In the scenario of a hybrid encryption for which I use RSA (asymmetric) to encrypt the encryption key used with AES (symmetric) to encrypt my message, I need to store the encrypted key together with the cipher text and all in the same column of the DB in order to then be able to request this value pair and perform the decryption.

What are the best practices for composing this pair: Simply an encrypted key + cipher text with an identifiable separator? Or something else?

  • What is the size of the data? Why do you need RSA?
    – kelalaka
    Commented Feb 23, 2021 at 17:16
  • @kelalaka Raw plaintext string is string(4000). I would like to use Hybride Encryption and avoid managing the AES key myself, I understood that it could be a complex process and I dont want to consider it again. With RSA encryption of the random AES key and storing of the key with the cypher text, it fits perfectly to my use case, by managing only the RSA certificate to my clients. My question is about how to store Encrypted Key and Cipher text with a concrete implementation example, if someone can guide me :)
    – Marc Alves
    Commented Feb 23, 2021 at 17:21
  • Use ECC based solution? Shorter keys. see libsodium cryptobox.
    – kelalaka
    Commented Feb 23, 2021 at 17:25
  • @kelalaka libsodium cryptobox implementation exists with C# .Net Core ?
    – Marc Alves
    Commented Feb 23, 2021 at 17:33
  • github.com/adamcaudill/libsodium-net
    – kelalaka
    Commented Feb 23, 2021 at 17:34

2 Answers 2


Email encryption has faced the same problem and come up with two solutions.

  1. You might want to look into PKCS#7 aka the Cryptographic Message Syntax (CMS). It allows for storage of not only the encrypted AES key but also certificate information (issuer and serial number) to identify which public key was used for encryption.
  2. Alternatively, PGP has a very similar system with its own message syntax. PGP also stores a key identifier to tell the decryptor which public key was used for encryption.

Both formats can be stored as BLOBs or CLOBs to work around database column size restrictions. Both formats also support message signatures, should you need that, too.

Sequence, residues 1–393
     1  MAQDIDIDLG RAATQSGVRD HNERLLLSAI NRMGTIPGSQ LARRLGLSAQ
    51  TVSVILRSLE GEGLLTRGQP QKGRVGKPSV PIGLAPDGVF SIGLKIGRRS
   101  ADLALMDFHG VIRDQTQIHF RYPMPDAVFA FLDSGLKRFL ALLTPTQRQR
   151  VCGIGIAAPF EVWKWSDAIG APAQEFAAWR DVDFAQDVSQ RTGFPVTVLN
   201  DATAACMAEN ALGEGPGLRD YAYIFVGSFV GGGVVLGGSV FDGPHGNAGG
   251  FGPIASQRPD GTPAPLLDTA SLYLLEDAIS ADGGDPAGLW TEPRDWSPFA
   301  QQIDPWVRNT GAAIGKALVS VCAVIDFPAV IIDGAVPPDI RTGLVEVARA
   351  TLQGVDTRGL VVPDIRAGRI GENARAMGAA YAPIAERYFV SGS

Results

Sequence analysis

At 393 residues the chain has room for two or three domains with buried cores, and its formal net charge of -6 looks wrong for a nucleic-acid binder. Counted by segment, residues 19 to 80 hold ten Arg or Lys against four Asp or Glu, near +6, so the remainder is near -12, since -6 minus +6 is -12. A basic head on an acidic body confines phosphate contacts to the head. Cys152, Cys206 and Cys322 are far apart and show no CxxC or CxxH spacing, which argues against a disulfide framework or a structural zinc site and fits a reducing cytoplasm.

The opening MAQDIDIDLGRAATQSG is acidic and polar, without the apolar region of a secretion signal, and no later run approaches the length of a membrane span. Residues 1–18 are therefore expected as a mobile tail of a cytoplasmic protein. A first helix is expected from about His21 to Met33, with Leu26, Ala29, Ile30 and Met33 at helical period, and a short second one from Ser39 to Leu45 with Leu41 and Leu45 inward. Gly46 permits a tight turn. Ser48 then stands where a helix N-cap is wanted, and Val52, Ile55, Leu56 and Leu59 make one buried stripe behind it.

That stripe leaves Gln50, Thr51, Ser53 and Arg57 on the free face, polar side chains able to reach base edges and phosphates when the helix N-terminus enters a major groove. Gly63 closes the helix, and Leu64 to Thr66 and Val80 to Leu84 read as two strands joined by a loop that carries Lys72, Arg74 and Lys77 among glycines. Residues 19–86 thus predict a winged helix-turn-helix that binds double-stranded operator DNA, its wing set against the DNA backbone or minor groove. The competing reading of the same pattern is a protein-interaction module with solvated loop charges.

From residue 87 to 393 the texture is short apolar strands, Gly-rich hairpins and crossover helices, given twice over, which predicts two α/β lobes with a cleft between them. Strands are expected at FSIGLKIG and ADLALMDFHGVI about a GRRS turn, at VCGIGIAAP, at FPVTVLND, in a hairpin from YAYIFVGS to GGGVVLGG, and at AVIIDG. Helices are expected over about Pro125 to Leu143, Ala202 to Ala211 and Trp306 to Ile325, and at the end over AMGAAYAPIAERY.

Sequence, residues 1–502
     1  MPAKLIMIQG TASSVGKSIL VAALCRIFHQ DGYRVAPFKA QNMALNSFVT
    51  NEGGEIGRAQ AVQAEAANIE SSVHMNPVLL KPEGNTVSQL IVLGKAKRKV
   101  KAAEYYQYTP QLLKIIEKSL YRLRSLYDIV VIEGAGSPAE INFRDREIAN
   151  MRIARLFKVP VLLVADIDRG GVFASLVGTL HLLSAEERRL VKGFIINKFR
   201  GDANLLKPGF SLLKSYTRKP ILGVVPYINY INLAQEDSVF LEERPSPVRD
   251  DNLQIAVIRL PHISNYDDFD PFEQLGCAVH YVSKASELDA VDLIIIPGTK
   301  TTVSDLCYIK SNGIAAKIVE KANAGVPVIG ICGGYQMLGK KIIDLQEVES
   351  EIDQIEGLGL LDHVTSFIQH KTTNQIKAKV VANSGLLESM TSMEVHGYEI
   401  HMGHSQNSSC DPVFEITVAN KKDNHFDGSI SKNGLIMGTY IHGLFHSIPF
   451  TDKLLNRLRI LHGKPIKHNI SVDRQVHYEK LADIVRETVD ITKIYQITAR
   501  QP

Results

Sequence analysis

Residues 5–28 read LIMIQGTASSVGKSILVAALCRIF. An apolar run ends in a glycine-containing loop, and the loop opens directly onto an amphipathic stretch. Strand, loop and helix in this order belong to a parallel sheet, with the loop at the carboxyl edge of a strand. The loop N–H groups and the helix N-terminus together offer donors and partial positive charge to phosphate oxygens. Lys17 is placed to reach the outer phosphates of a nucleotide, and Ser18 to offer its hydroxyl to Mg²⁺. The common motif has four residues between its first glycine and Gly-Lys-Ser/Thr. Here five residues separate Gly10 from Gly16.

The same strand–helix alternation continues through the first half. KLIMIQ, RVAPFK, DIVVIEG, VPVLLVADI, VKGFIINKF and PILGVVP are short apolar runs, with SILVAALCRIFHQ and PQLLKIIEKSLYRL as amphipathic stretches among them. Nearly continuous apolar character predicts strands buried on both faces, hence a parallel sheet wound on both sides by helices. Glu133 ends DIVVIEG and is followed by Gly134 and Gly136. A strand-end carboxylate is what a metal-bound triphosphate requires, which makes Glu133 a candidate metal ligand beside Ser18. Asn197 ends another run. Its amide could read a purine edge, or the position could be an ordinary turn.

• Thx for your quick answer. The problem is that in my case I have to store it (encrypted key + AES cipher text) as a string only. I dont have any other options. This why I ask if I build something simple like string('EncryptedKey'+'Separator'+'CipherText') is it ok or not ? Then I will simply get the string from the DB and split on the separator, decrypt the key and then decrypt the cipher... Thx
    – Marc Alves
    Commented Feb 23, 2021 at 11:29
  • In cryptography you generally don't want to invent your own schemes, and the CLOB variants of CMS and PGP are strings. But are your table columns size-limited? Then you might have to resort to something more compact than CMS. But i recommend to include some key identifier in the storage, for example a SHA-256 hash of the public key, so you can tell which key to use for decryption.
    – wallenborn
    Commented Feb 23, 2021 at 13:06
  • I can handle table columns size. I totally undestand that I dont have to invent my own algo, but to be honnest here, I dont really understand how to implement PGP or CMS, ... My code is ok for dealing with RSA certificate keys, generate a random AES key and IV each time I encrypt, Encrypt these keys with RSA and then encrypt the message itself with AES. But I dont understand how to store the entire information into the same string (as you said that outputs could be a string...). I'm working with C# .Net Core, if by chance someone have any example or link to provide it will be wonderful ! Thx
    – Marc Alves
    Commented Feb 23, 2021 at 16:10
  • You might want to look into the C# version of the bouncycastle crypto library. You can get the source code at bouncycastle.org/csharp/index.html and it contains both a CMS and an OPENPGP package.
    – wallenborn
    Commented Feb 24, 2021 at 13:56

If the encrypted key has a fixed length, you don't need a separator, just stick them together. If the encrypted key has a variable length, things get a bit more tricky. Using a separator is problematic, since both the encrypted key and cipher text will appear random and may very well contain the separator by chance. You could use something long and random like an UUID as a separator to make this unlikely. But I would probably just put the length of the encrypted key first, then the encrypted key, and then the cipher text, without any separators.

It might be easier to just use two different columns, though.

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